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Forward March
It took 5 million women to make me do it, but I finally took part in a protest march. Okay, “make me” isn’t quite the right phrase. Inspired me is more like it.

I like to think of myself as a political person, but the idea of jostling along in a mob of unpredictable strangers does not appeal to me. The occasional letter is fine, or a phone call, and I have my cartoons of course, but marching and chanting and yelling has never been my cup of activism.

I know that makes me sound like an elitist, and maybe I am. On this one occasion, though, I’m glad I came out of my bubble. The vibe was nothing but friendly. There was no violence during the Women’s March on Washington…anywhere. And no arrests. The San Francisco march was brimming with positivity and determination. There was some anger, but mostly the event was a kind of joyous rejection of the Drump agenda and the brand of ugliness he’s sold to our country. As one sign pointed out, “So bad, even introverts are here.” I hear that, sister.

It was by most accounts the largest single protest march in the history of the planet. Red states, blue states, and plenty of other countries added to the 683 total marches (though nothing from Russia, it should be noted). Better yet, it was a completely grass roots event. Any politicians who participated were strictly late add-ons.

This was a people’s march — female people in particular. I was a little hesitant to join at first, thinking that men might dilute the impact of the event. But no. This mass expression of conviction was in no way exclusive. All genders, all ages, all issues were represented, and that fact in no way detracted from the power of this show of unity. We experienced as one the solidarity, the strength in numbers, the satisfaction of standing up and counting for something.

So we all felt better — even in the dark and the pouring rain at the end. We’d expressed our discontent in one big, newsworthy show of strength. That is certainly something good in itself. But is that it? I’m new to this marching thing, so I don’t know what happens next. In the past I’ve seen big marches covered in the media, and the next day it’s like they never happened. Will the Women’s March on Washington be one of those? It set records for turnout, tripling the numbers of the inauguration itself, and stomped all over Drump’s headlines from the day before. Those are all good things, too, but will anything come of it?

I can only say that I sent an email yesterday to Anna Eshoo (my congresswoman, in case you’ve never heard of her). My issue was women’s health. I wrote to Senator Lamar Alexander today on the subject of education and the godawful nominee Betsy DeVos. I’ll probably contact DiFi tomorrow about the suppression of climate change data. There are plenty of things to be pissed off about, that’s for sure.

But will I keep it up? It is kind of a hassle. Maybe I’ll eventually just punk out and shrug my shoulders. Maybe I don’t care about this stuff as much as I thought I did. Maybe my righteousness was just a contact high from that huge, chanting crowd of women. Maybe it will fade, and nothing will change.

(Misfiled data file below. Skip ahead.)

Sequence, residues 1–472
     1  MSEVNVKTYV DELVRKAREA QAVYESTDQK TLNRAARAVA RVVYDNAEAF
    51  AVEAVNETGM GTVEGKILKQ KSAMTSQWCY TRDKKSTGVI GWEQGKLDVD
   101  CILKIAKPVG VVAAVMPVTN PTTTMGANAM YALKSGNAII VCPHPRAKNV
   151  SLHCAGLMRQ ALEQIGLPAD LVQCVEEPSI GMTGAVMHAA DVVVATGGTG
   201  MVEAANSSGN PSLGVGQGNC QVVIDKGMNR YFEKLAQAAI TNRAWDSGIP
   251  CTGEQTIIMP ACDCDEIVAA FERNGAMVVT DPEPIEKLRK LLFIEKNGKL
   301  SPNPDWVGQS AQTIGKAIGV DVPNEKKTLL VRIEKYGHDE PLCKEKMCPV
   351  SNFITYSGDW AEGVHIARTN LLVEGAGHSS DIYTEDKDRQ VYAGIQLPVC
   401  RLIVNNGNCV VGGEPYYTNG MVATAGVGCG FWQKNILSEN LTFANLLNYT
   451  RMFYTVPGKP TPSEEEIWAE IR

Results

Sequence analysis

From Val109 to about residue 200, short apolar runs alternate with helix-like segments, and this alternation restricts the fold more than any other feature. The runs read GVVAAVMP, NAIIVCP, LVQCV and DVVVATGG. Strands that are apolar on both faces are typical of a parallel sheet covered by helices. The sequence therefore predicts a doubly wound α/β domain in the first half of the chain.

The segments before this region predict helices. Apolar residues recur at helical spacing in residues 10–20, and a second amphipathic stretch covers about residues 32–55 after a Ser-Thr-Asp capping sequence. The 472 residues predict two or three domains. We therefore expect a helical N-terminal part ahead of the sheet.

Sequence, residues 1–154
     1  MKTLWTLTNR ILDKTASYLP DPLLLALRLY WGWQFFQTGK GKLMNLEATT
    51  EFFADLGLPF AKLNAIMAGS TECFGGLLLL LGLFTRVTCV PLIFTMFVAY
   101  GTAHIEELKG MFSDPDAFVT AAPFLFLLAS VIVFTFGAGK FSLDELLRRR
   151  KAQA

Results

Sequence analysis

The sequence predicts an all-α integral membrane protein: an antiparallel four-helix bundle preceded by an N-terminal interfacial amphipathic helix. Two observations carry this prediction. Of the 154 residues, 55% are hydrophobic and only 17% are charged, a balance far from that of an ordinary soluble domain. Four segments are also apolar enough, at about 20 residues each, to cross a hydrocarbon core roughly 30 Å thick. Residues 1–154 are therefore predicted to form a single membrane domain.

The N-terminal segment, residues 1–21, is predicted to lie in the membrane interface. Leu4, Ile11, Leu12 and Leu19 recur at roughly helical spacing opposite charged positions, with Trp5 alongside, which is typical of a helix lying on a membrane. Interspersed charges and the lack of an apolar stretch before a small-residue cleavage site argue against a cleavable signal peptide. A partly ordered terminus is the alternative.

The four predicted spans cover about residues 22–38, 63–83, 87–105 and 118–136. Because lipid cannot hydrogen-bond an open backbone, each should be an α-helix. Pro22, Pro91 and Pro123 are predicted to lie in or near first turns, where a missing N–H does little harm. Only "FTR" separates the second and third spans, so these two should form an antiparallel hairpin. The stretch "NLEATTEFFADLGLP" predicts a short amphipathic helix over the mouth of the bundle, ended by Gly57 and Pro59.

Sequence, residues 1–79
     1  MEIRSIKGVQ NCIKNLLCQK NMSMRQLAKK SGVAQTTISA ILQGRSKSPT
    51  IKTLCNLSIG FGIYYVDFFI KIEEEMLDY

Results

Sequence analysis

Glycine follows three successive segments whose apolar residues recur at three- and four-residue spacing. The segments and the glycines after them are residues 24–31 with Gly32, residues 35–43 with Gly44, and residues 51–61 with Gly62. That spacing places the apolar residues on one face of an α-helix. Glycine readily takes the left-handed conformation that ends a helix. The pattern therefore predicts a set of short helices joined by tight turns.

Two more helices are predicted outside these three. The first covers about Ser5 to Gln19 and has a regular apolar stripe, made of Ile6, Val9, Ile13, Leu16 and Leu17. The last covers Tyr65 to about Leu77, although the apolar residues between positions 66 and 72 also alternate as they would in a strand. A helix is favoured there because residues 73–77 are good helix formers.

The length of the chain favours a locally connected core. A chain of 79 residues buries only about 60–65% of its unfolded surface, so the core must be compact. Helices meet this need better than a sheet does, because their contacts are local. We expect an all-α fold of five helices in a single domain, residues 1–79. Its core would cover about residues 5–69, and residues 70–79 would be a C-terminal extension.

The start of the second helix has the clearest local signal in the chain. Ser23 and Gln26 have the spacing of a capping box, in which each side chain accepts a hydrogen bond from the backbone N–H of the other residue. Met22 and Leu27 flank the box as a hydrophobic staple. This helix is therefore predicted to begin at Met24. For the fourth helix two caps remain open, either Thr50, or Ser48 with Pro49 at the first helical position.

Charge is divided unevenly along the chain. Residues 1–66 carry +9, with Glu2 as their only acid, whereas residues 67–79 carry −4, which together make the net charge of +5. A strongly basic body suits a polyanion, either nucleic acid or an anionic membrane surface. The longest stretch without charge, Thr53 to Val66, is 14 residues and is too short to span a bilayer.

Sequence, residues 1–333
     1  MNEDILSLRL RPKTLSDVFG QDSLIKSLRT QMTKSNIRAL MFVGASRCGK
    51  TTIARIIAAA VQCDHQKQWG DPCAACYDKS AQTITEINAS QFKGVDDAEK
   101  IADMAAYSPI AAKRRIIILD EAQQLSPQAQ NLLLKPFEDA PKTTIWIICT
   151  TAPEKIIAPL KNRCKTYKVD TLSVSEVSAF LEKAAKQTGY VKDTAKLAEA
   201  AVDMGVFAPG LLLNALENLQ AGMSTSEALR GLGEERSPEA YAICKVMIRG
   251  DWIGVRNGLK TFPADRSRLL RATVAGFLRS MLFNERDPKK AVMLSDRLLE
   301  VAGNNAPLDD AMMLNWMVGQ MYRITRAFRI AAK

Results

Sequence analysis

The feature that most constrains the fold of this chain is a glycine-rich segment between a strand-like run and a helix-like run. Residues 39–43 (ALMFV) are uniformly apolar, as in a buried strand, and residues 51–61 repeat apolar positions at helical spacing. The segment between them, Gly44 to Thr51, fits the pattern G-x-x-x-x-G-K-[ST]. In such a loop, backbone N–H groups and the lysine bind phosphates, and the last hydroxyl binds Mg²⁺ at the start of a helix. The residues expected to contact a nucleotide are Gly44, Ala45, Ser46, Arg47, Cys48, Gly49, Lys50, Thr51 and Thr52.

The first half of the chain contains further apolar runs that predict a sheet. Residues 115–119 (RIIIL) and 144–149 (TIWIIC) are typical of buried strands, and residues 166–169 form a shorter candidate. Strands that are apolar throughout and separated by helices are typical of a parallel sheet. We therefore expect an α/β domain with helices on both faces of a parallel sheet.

I don’t know. I can only hope that all my fellow marchers continue to have the same doubts.
Take It or Leave It
Like most people, I was taught that I should take responsibility for my actions. If I messed up, my parents and teachers said, I should own up to it and try to make things right — especially if others came to harm because of my mistake. It’s always nice to apologize to people too, but as I understand the responsibility rule that part is optional. The main thing is to stand up and be accountable. Being nice is covered under a different section of the rulebook.

I have never questioned the wisdom of this take-your-medicine maxim. It is based on honesty, after all, and we all know that’s a good thing. It seems fair and honorable, too — I certainly want other people to treat me that way.

It might even be good for you. Admitting mistakes can be a hard thing to do sometimes, but don’t you always feel better once you’ve stepped up and faced the music? Not only is it evidence of character for anyone watching, but the act of taking responsibility itself seems to build character by reinforcing your own self-respect.

Furthermore, it could be argued that accountability is at the very foundation of a properly functioning free society. For the system to work, enough of us have to carry our own weight so that the whole enterprise doesn’t sink under a too-heavy load of mendacity and bad faith.

That said, I can understand why this concept may not work for everyone. Even though the practice of owning up brings some very desirable benefits with it, for some people there might be a point of diminishing returns. If you are the kind of person who makes mistakes all the time, for instance, you might be better off hiding a few of them. Honesty is the best policy and all that, but you don’t want to get a reputation for being a total screw-up. Fairness, for all the hype, is probably a luxury that only the competent can afford.

Better to lie. To yourself and others. If that fails, sometimes denial and rage will work. And whatever you do, don’t apologize.

Or better yet, play dumb. Under the circumstances, no one would doubt your sincerity.
Killer
Tilikum died last week at the age of thirty-six. That’s a long time for an orca in captivity.*

At his death, he was the most famous member of his species, or at least the most infamous. During his sad life, he was involved directly in the deaths of three humans. In the last of these incidents he acted alone, and the killing was particularly brutal.

There were calls at the time to “put down” Tilikum. “Execute him” better reflects the public mood right after the incident. People naturally reacted with horror at the thought of a 12,000-pound killer whale murdering a defenseless trainer who meant it no harm. The rage passed, though, when the creature’s life story became known.